How A Simple Checklist Can Improve Learning How A Simple Checklist Can Improve Learning From reminding us of what to pack for a trip to helping doctors perform surgery, checklists are crucial for projects that require sequential steps or a series of tasks. As Atul Gawande points out in his book “Checklist Manifesto,” checklists break down complex tasks and also ensure consistency and efficiency if more than one person is working on a project. If checklists are so effective for airline pilots, skyscraper construction teams, and heart surgeons, why shouldn’t students use them as well? Checklists can benefit students in the following ways: For younger students, simple, task-based checklists can help them become accustomed to following steps, adding order to the relative chaos of learning, and offering a pathway to accomplishing complex tasks. Improving Metacognition Education specialist Dr. “Used effectively, checklists can help students develop metacognitive awareness of their intellectual processes,” Rowlands explained. Wunderlist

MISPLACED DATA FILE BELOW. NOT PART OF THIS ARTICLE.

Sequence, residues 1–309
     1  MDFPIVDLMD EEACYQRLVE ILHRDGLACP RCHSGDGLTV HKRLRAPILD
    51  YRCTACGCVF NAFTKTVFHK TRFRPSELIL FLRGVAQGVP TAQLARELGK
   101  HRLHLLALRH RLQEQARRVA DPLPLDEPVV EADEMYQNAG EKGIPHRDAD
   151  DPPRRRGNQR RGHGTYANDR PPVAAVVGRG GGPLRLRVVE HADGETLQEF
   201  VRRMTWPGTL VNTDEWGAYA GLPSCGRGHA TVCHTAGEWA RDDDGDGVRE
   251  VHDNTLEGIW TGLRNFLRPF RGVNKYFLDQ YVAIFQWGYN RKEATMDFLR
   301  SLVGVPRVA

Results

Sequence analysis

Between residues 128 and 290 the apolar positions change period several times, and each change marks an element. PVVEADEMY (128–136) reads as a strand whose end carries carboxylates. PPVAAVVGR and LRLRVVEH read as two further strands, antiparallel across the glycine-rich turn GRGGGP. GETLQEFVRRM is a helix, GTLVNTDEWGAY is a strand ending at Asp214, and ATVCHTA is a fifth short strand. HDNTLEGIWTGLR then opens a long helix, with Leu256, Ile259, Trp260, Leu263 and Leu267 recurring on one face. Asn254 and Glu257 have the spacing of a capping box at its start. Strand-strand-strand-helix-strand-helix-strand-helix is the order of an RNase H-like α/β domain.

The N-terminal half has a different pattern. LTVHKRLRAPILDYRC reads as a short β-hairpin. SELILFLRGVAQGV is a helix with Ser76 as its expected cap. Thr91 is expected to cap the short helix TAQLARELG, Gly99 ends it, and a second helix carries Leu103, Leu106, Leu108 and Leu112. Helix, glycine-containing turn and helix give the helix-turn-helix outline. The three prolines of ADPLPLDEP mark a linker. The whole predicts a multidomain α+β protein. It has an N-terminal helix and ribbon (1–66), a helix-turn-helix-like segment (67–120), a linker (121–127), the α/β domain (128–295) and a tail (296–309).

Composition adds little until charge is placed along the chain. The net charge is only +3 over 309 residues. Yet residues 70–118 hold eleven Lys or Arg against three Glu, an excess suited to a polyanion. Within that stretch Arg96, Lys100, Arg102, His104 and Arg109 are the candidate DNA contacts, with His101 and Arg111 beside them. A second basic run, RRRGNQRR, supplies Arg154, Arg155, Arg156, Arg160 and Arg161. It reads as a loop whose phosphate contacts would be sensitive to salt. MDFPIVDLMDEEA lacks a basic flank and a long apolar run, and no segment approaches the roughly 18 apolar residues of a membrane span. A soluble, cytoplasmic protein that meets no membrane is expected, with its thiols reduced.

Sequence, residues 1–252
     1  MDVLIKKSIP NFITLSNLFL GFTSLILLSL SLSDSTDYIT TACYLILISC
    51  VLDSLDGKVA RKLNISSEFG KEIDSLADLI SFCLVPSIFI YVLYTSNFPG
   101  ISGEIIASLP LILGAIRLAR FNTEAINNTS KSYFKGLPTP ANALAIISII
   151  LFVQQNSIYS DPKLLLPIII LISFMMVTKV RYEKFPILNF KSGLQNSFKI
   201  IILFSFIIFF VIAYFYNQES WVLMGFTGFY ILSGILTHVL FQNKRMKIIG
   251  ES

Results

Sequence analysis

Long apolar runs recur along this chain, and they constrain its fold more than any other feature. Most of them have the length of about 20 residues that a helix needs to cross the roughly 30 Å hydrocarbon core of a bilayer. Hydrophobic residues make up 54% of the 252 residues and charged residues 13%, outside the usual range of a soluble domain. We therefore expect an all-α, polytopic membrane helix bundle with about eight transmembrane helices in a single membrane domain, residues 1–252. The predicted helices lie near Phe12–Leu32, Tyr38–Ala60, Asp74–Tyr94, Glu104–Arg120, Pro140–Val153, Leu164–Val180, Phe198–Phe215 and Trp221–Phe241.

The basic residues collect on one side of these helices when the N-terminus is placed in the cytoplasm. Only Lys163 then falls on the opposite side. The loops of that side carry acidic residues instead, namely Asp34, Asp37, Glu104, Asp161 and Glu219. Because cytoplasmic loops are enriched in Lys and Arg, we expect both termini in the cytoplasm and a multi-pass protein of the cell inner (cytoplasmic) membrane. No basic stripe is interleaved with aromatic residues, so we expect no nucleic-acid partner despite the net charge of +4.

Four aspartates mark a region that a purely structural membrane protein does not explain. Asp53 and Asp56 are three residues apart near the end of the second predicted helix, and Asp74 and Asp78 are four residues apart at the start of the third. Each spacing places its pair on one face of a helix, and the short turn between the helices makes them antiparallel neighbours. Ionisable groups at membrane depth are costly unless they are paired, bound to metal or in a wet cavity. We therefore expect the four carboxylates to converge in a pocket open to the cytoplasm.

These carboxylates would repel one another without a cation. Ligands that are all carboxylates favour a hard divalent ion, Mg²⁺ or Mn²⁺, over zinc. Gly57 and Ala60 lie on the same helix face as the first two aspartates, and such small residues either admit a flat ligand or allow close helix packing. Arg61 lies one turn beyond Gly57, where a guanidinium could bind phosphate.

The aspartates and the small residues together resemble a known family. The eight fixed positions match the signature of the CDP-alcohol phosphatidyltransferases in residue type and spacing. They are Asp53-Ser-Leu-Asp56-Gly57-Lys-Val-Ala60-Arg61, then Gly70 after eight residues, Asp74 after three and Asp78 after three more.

To Encourage Innovation, Eradicate Blame There is a big difference between identifying the cause of a negative outcome and looking for someone to blame it on. Identifying the cause of a negative outcome is productive. You can use that information to avoid the situation in the future and also help people take responsibility for fixing it and moving on. Finding fault and assigning blame, on the other hand, creates a situation where people become stuck and paralyzed. We know that the most innovative environments are those where people are allowed to learn from past mistakes, grow, develop, and improve. It’s also the approach used by WD-40 Company--manufacturers of the ubiquitous “water displacement” product of the same name--whose closely guarded formula was discovered on the 40th try back in 1953. As CEO Garry Ridge has describes it, part of WD-40’s ongoing success with innovation can be traced back to a culture where employees share the positive and negative outcomes of any situation. Consider your impact as a leader.